Viral bronchiolitis

Todd A. Florin*, Amy C. Plint, Joseph J. Zorc

*Corresponding author for this work

Research output: Contribution to journalReview article

54 Scopus citations

Abstract

Viral bronchiolitis is a common clinical syndrome affecting infants and young children. Concern about its associated morbidity and cost has led to a large body of research that has been summarised in systematic reviews and integrated into clinical practice guidelines in several countries. The evidence and guideline recommendations consistently support a clinical diagnosis with the limited role for diagnostic testing for children presenting with the typical clinical syndrome of viral upper respiratory infection progressing to the lower respiratory tract. Management is largely supportive, focusing on maintaining oxygenation and hydration of the patient. Evidence suggests no benefit from bronchodilator or corticosteroid use in infants with a first episode of bronchiolitis. Evidence for other treatments such as hypertonic saline is evolving but not clearly defined yet. For infants with severe disease, the insufficient available data suggest a role for high-flow nasal cannula and continuous positive airway pressure use in a monitored setting to prevent respiratory failure.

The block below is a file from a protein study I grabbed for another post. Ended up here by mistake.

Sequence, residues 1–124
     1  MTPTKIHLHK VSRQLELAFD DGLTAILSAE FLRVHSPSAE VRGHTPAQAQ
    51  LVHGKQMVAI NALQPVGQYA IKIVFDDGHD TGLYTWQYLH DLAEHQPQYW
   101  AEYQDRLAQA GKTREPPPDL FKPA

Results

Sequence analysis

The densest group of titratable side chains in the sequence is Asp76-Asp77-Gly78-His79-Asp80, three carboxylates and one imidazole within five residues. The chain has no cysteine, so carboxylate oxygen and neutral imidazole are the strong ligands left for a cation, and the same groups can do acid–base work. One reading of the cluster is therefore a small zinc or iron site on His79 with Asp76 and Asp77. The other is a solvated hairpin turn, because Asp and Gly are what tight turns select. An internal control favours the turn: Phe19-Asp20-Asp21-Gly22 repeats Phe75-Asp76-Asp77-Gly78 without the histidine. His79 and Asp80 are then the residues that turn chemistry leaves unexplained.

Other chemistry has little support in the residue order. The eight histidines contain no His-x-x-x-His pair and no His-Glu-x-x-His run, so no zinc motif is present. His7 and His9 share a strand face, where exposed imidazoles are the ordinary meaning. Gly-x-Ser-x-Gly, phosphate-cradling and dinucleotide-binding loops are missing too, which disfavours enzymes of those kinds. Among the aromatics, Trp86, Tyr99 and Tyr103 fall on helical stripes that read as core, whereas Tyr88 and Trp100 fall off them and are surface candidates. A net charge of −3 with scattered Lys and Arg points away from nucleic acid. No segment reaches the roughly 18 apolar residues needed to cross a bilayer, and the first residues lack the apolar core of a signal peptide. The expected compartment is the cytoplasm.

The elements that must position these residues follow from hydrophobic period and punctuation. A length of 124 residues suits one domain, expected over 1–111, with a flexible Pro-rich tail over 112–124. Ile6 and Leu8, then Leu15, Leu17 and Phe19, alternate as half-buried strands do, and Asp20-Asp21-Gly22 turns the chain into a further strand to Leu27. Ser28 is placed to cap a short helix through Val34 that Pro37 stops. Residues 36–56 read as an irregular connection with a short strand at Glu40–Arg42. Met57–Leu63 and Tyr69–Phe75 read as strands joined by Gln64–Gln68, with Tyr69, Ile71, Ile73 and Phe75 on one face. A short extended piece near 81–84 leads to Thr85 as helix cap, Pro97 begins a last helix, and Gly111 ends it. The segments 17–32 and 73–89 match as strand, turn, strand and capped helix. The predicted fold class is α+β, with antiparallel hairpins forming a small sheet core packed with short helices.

Original languageEnglish (US)
Pages (from-to)211-224
Number of pages14
JournalThe Lancet
Volume389
Issue number10065
DOIs
StatePublished - Jan 14 2017

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ASJC Scopus subject areas

  • Medicine(all)

Cite this

Florin, T. A., Plint, A. C., & Zorc, J. J. (2017). Viral bronchiolitis. The Lancet, 389(10065), 211-224. https://doi.org/10.1016/S0140-6736(16)30951-5